Originally Posted by AiniA
I think kids onboard work better when they are younger (subteen). In our travels basically all the kids we have seen have been under 10 (note that is for long distance cruising not living onboard in one or a few locations). Also home schooling is easier for younger ones. By the later stages of home schooling it can be a challenge to have the expertise needed to handle calculus and physics on one hand and English
literature and a second language on the other (I am also a retired high school teacher, they seem to have come out of the woodwork for this topic. I also have a higher opinion of public schools than has been voiced.)
The families we have known who homeschooled through high school networked and pooled their resources. For instance, my husband had a Ph.D. in chemistry and could have easily taught chemistry, physics and advanced math not only to our children
but to other people's children
. I was a music
major and could have provided things iike music
theory that students who wanted to go on with music studies in college would need. Home schooling doesn't always mean your children are only taught by you.
Those courses are also available online, and once again, parents in a network of homeschoolers can supplement and enrich that. I think about both physics and biology, and what could be better than being on a sailboat for those subjects? With Skype you can even have performing groups for plays, bands, orchestras, choruses -- I sing in an online chorus myself (I also sing on one on land since I live in a marina).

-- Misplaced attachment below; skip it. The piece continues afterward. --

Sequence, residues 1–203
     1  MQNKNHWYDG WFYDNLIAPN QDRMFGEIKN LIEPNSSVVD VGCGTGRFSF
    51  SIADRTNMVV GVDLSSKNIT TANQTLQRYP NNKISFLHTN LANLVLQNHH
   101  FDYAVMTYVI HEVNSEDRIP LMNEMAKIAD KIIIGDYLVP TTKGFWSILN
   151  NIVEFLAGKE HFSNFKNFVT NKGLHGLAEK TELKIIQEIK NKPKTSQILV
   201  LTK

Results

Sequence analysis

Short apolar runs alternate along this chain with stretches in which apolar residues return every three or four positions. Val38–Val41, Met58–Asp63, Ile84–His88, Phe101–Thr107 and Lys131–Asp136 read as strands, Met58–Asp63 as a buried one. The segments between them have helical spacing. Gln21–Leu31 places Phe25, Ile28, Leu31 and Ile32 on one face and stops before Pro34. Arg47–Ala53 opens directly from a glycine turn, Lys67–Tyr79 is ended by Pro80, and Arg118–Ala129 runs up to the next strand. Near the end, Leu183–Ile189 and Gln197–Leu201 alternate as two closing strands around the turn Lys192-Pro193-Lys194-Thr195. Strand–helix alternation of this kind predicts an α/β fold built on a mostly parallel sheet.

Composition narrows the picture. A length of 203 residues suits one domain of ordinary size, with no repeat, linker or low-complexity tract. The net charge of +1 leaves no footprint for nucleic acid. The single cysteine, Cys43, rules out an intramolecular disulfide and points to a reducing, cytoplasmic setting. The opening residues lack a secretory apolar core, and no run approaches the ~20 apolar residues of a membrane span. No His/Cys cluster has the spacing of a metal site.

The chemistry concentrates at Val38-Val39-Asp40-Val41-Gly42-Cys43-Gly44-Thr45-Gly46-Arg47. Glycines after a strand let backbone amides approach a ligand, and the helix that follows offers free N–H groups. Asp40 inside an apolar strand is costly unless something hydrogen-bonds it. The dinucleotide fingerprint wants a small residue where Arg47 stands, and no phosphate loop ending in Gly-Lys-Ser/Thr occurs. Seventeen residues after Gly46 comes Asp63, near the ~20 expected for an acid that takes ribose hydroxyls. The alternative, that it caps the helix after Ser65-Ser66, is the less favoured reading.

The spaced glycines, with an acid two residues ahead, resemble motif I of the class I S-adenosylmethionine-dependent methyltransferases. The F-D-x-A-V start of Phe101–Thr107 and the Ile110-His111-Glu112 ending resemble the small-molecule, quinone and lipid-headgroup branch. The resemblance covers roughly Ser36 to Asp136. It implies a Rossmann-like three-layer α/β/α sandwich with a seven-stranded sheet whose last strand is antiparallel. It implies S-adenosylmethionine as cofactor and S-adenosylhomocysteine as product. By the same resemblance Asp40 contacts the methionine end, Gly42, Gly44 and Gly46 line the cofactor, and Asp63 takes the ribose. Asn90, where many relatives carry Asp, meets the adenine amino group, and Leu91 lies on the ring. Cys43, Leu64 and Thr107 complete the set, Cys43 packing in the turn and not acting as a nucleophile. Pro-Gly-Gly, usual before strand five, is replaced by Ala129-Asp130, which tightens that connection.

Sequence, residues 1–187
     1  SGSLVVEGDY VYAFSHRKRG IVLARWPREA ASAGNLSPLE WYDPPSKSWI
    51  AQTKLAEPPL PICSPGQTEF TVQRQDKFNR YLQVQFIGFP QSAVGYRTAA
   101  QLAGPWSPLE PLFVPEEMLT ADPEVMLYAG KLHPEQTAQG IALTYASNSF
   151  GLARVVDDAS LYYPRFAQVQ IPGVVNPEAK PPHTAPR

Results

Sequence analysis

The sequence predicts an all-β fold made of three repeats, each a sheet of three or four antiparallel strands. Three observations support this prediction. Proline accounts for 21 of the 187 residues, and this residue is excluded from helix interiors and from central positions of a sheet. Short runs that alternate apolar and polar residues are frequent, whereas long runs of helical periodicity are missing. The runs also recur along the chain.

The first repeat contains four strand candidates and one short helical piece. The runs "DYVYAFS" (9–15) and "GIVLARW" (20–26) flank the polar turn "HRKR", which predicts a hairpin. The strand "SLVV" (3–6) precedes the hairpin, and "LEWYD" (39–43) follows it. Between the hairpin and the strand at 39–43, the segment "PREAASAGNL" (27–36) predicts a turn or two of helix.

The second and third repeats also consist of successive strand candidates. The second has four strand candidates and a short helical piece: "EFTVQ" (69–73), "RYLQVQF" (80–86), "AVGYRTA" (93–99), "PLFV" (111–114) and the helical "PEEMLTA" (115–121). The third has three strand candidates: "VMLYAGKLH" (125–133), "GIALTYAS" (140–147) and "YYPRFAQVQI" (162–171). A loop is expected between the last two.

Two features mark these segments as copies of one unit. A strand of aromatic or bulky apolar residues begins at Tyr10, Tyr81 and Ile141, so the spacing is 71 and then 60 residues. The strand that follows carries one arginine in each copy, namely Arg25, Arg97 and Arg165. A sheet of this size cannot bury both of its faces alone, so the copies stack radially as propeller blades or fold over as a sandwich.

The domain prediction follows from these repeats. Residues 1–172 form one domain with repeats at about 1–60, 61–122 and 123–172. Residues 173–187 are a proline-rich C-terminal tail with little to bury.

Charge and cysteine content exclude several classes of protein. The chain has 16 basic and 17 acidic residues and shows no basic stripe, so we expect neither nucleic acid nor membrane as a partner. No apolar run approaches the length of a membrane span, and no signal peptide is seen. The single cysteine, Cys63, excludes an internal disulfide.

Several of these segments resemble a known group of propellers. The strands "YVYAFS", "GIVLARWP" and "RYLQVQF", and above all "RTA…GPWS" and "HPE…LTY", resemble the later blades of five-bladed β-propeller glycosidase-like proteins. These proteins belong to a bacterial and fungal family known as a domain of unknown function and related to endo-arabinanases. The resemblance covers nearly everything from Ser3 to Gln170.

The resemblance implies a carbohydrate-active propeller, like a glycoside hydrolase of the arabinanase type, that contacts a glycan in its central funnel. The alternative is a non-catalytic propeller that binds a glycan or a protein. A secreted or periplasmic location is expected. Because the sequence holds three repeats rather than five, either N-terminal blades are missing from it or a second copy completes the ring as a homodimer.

The big problem for kids and homeschooling on a boat is that they *need* friends. That makes a good case for combining teaching skills, but they need to be physically together with friends. So while I have no experience homeschooling from a boat, I am thinking that having a home base where other homeschooling, boating
families gather, and taking shorter trips (even buddy-boating on these trips) might be a solution.
I think it's outstanding to homeschool -- as long as you don't deny essential characteristics of children. I think of when my husband died. We were out of town, and it was AWFUL for my daughters, who were 14 and 16. When we finally got back to town, their friends -- and just acquaintances -- swarmed around them, desperate to be with them and help them during that awful time. At his memorial service
out of town there was no one there for them. At the memorial service
where we lived, they were each surrounded by at least 40 kids, all of whom took off from school (with the school's blessing) to be there for them. It still makes me tear up to think about it.
I know those kids can also lead them astray and get them into real trouble -- but they need each other down to their very cores.